Muhammad Zahir Khan, another growers’ representative, says hitches in supply of gur to Fata, Pata and the ban on export of gur to Afghanistan and the central Asian states, however, have lowered gur prices of late to the detriment of gur farmers. “Gur can be a healthy addition to the countries’ depleting export earnings if its export is allowed after value addition.”

Masud Khan, the manager of the Premier Sugar Mills Mardan, says though the minimum sugarcane support price is Rs170 per 40 kilogrammes in other provinces, the local sugar mills offer Rs180. “We have to compete with gurganees. While our per kg cost of production has increased for higher prices and wages offered to farmers and employees, escalating fuel prices and various taxes, gurganees have no such taxes and responsibilities. How can we compete with them? Sugar industry will be on verge of closure if not supported,” he says. The industry has been campaigning for ban on gur export, taxes on gur industry and eventual moratorium on gur production.

Rizwanullah Khan, the president of the Kissan Board KP, however, says prices of all the things are on the rise while last year’s cane price has remained unchanged. “In 2010, mills had offered Rs240 per 40kg. Cane price be increased as per cost of production. We have planned agitation to press for good cane-prices.”

Gur was once the food of the poor. Though it has become costlier than sugar for few years now, the poor still prefer it for its taste and health benefits.

A farmer said gur agents and big farmers have installed generator-run modern gur-ganees with several furnaces which help prepare plenty of purs daily.

In 1996, average retail gur price was 14 rupees a kilo. Currently, it is sold at Rs66-75/kg. The sugarcane growers, unfortunately, haven’t been able to get advantage of this hike. Growers say the gur commission agents have devoured most of the surplus value in the shape of huge commission or deduction of 5-8kg gur/a pur.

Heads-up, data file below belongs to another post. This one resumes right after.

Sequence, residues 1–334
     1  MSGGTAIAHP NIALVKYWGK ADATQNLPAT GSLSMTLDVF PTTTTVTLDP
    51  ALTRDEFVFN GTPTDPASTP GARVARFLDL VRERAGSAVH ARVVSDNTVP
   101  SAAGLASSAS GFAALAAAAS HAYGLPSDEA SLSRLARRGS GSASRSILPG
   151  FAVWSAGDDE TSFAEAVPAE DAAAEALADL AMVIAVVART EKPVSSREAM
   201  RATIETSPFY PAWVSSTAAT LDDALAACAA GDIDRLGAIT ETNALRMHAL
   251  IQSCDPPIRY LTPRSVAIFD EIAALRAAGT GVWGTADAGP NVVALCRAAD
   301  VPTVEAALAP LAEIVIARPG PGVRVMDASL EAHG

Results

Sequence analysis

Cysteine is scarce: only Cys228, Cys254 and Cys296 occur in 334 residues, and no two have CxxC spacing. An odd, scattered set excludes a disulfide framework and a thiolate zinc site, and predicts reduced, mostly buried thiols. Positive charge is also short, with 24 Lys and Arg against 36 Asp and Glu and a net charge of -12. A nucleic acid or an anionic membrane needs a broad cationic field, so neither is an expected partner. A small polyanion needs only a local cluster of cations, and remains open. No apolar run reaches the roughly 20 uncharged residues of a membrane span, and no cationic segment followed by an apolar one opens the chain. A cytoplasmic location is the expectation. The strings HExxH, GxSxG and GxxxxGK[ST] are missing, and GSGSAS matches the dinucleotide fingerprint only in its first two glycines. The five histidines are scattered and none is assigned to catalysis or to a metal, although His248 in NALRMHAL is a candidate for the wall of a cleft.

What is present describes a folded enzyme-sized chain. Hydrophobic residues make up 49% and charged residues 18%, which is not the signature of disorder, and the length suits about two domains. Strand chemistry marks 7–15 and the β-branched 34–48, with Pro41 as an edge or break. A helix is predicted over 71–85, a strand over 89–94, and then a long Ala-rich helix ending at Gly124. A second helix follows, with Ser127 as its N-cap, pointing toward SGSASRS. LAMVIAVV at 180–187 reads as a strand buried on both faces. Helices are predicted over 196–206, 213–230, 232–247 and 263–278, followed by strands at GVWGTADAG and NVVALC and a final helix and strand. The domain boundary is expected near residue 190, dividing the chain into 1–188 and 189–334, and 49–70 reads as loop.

Mardan and Peshawar are the hubs of gur trade. Around ten to twelve thousands of purs are traded in the Pipal Mandi gur market when the trade is in full swing. Gur commission agents work pretty much like the property dealers or motor vehicle bargainers who are only concerned with their commission.

“The gur agents enter advance agreements with farmers by making payments for standing crops. They provide farmers seasonal/crop-based loans which they use for buying inputs and fulfilling their domestic needs,” a farmer says.

An official of the Sugarcane Crops Research Institute said though KP’s cane has better quality and sucrose content, its average yield is between 16-24 metric tonnes, much less than that of Sindh and Punjab. He cited insufficient use of fertiliser and pesticides, non-attractive price given by mills, intercropping, use of less than recommended seed (4 ton/acre) and shortage of irrigation water as reasons for lesser acreage and production.

Decline in sugarcane market price

Decline in sugarcane market price

By Tahir Ali

THE ban on supply of gur to Afghanistan despite bumper sugarcane crop and the prolonged cold/dry weather have improved cane supply situation for sugar mills. However, farmers in Khyber PakhtunKhwa remain adversely affected.

Along with fall in price of sugar, per satta (two purs or 150-180kg) price of gur has come down to about Rs8,000-9,000 this season from Rs16,000-17,000 last year. It is for the first time in recent years that gur has lost its competitiveness.